07 May How Entrepreneurs Can Make Environment Cleaner
by Yasser Al-Saleh
In recent years, an increasingly loud chorus of environmentalists, civil society actors and international institutions have been demanding that conventional “brown” economic development, which depends on fossil fuels, be replaced by a lower-carbon “green” growth model. But there is a third, more competitive option: a ”blue” economy driven by business-level innovation rather than top-down policies.
The fact is that most environmentally friendly technologies demand significant upfront investment, meaning that “going green” remains a privilege reserved for the few countries that can afford it. After all, governments’ capacity to provide subsidies is limited, and wealthy countries cannot be expected to bear the costs of the uptake of sustainable technologies worldwide. Thus, as the United Nations recently confirmed, more than 1 billion people worldwide still lack access to reliable, clean and affordable energy.
A ”blue economy” led by business innovation should replace the top-down green initiatives.
The blue economy — a concept developed by the Belgian economist Gunter Pauli — is powered less by investment and more by innovation, with a focus on creating jobs, building social capital and generating multiple cash flows by stimulating entrepreneurship and the development of new business models. The blue economy is centered on the idea that companies should use all available resources and increase efficiency to develop a portfolio of related businesses that benefit both them and society.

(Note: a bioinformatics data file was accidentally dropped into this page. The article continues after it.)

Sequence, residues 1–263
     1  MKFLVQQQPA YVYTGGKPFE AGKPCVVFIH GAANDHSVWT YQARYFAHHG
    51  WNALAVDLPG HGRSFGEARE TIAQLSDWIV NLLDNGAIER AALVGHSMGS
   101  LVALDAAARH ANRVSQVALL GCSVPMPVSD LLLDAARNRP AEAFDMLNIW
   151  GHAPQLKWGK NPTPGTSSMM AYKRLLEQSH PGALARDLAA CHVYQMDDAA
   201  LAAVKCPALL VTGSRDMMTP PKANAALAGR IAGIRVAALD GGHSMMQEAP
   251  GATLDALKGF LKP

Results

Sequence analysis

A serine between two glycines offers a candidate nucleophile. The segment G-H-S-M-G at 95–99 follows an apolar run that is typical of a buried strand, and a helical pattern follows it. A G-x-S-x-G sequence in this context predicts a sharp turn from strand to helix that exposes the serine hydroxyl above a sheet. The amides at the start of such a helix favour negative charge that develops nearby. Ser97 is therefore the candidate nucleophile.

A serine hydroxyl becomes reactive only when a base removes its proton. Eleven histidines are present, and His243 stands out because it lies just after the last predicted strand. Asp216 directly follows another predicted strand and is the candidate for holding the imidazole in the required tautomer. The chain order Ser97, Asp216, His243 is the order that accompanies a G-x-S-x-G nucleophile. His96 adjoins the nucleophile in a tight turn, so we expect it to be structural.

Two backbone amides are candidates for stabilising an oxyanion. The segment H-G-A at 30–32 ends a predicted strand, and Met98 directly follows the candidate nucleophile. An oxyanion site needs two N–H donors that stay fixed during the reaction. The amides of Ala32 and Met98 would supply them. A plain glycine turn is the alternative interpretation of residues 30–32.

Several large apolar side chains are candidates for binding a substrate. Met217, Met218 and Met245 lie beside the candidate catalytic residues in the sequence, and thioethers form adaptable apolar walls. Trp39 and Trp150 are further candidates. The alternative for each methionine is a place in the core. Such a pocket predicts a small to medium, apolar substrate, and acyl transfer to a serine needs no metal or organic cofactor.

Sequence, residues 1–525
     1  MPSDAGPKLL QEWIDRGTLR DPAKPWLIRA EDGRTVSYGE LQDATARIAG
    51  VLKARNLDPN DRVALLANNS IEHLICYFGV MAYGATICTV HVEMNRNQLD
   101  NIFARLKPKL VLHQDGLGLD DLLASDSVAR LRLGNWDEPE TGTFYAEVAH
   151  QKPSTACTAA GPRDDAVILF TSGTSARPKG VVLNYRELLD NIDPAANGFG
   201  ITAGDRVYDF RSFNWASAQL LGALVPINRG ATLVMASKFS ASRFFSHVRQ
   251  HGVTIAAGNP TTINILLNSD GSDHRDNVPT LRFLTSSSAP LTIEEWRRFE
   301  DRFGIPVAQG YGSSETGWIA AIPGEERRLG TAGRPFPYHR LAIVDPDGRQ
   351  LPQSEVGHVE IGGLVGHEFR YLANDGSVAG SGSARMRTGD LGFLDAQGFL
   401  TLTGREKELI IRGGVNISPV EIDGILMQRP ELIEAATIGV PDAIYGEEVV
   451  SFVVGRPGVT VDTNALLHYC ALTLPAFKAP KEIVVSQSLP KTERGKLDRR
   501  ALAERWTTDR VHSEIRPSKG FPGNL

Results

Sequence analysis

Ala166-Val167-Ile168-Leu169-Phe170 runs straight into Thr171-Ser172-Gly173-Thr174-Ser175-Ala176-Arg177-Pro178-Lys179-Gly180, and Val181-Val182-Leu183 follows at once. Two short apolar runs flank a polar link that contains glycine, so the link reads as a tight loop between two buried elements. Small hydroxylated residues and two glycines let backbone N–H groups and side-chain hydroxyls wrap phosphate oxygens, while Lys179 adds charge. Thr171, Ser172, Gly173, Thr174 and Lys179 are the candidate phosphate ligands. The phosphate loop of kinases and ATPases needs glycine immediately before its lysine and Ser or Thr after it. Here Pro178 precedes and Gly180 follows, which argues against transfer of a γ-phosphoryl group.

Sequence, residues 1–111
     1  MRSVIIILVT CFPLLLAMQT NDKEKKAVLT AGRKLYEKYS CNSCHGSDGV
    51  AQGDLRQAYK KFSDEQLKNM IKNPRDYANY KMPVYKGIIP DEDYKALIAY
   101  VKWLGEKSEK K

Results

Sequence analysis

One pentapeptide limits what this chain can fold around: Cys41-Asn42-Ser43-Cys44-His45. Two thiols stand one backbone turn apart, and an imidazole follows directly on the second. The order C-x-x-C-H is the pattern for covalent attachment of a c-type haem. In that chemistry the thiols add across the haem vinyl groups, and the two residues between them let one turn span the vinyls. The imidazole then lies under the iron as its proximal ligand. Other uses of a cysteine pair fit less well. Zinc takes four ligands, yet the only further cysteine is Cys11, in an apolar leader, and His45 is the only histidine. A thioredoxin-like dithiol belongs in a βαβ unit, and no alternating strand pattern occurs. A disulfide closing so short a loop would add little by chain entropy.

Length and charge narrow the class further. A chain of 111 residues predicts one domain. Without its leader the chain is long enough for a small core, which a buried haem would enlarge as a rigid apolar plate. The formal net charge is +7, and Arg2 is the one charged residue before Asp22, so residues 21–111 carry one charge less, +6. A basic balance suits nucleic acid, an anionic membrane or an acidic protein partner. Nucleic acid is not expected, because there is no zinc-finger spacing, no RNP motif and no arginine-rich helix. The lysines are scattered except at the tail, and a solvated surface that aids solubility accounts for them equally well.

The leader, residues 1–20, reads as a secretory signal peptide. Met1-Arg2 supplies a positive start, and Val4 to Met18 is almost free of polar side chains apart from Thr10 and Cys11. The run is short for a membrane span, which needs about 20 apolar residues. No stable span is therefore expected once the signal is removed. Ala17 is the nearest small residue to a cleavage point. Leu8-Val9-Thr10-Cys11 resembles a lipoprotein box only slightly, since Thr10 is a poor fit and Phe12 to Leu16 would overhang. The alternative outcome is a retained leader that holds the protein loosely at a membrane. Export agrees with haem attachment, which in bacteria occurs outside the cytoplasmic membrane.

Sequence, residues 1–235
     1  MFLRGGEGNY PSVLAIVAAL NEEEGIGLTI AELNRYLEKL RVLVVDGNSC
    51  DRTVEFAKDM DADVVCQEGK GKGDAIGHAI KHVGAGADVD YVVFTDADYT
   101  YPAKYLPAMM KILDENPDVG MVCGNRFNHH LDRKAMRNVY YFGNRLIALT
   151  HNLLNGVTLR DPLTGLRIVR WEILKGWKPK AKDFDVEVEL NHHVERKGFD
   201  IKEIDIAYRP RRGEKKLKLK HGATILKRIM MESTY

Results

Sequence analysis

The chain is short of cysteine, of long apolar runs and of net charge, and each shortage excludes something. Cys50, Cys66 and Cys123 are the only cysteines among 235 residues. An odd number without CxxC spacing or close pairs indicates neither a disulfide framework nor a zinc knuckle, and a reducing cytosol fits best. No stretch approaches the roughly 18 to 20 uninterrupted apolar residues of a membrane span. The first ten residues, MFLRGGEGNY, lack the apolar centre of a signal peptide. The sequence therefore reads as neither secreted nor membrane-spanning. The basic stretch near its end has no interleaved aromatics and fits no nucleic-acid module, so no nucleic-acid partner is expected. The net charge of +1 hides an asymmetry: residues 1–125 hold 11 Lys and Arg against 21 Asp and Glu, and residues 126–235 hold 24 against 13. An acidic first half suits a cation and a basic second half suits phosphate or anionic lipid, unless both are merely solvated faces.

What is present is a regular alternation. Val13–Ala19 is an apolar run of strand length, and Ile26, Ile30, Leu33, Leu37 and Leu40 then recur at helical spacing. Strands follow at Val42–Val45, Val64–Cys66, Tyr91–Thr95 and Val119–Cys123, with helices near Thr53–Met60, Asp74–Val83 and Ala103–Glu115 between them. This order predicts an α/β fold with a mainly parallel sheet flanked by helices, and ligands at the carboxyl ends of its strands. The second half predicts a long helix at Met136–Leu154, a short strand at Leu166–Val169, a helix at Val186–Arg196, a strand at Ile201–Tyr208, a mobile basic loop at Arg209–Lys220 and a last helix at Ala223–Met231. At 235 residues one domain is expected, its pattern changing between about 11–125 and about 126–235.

Consider the Swedish company Solarus, whose innovative business model — manufacturing solar panels out of carbon fibers discarded by the aerospace industry — has enabled it to offer competitively priced solar technologies, without support from government subsidies. The fact that solar technologies can be produced locally from recycled materials, Pauli argues, means that governments should not provide solar-related subsidies and bailouts — the costs of which eventually land on taxpayers.
The blue economy would also help to resolve the intermittency problem inherent in solar- or wind-power systems. Even after the needed technologies are deployed widely, additional investment in power storage or a back-up energy would be needed. Given that an abundant hydropower backup supply would not be an option everywhere, businesses would have to find ways to employ the energy and resources available locally.
It is not difficult to discern the potential benefits — for businesses and communities alike — of matching a set of seemingly disparate problems with the efficient use of locally available resources. Companies simply must be willing to develop bold and creative new business models that change the rules of the game.